To Live Forever

The old man was fabulously rich, having acquired his wealth making puzzles and riddles.

In the few weeks (or was it hours?) that the old man had left, he summoned the brightest inventors in the world to his deathbed and said he had one last riddle, or was it a request?

What the old man wanted was to create something self-perpetuating that never died.

So that it could survive, this thing would have no morals. It would exist only to perpetuate its values. And the values? They were a little hard to pin down. Essentially, the thing would have a prime directive to grow and acquire power.

At its pleasure, it could create other entities like it. For the overall good of the thing it wouldn’t give a rat’s ass about the people that worked for it. If necessary it would chew them up whole and spit out their bones.

The thing would not shed a single tear if it destroyed any creature in its path. It would have more legal power than any creature on earth.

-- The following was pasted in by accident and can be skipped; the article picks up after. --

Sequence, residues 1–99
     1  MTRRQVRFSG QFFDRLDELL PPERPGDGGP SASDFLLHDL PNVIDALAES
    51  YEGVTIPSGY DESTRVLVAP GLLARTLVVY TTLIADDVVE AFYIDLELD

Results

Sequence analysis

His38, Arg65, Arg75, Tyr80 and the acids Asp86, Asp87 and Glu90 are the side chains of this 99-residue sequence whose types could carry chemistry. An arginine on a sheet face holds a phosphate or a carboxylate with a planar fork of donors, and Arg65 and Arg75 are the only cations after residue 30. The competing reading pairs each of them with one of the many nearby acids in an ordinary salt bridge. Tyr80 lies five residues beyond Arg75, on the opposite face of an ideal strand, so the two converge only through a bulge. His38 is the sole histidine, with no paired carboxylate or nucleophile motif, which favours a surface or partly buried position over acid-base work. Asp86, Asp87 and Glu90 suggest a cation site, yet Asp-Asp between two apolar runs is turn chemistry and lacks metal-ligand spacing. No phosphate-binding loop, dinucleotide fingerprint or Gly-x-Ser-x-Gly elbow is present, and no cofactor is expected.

The inventors had never been presented with such a challenge.

Between final gulps of oxygen the old riddle maker said this entity might require a bit of nourishment but it could go for decades, even centuries, without being fed. “One more thing, my dear inventors, authorities may try to tax this entity so figure out a way it can avoid taxes, and when taxes have to be paid, those taxes can be postponed almost indefinitely. When they are finally paid, they will only be a small percentage of what any normal human has to cough up.”

The inventors shook their heads in dismay. No one had an answer. Then a small boy (whom the old man loved with all his heart) entered the room and said, “Grampa, you sly old fox. No one has to invent such an entity. It’s a corporation.”

The old man was dead. He had left his estate to his corporation that instantly placed his only living relative in an orphanage.

And a cheap one at that.


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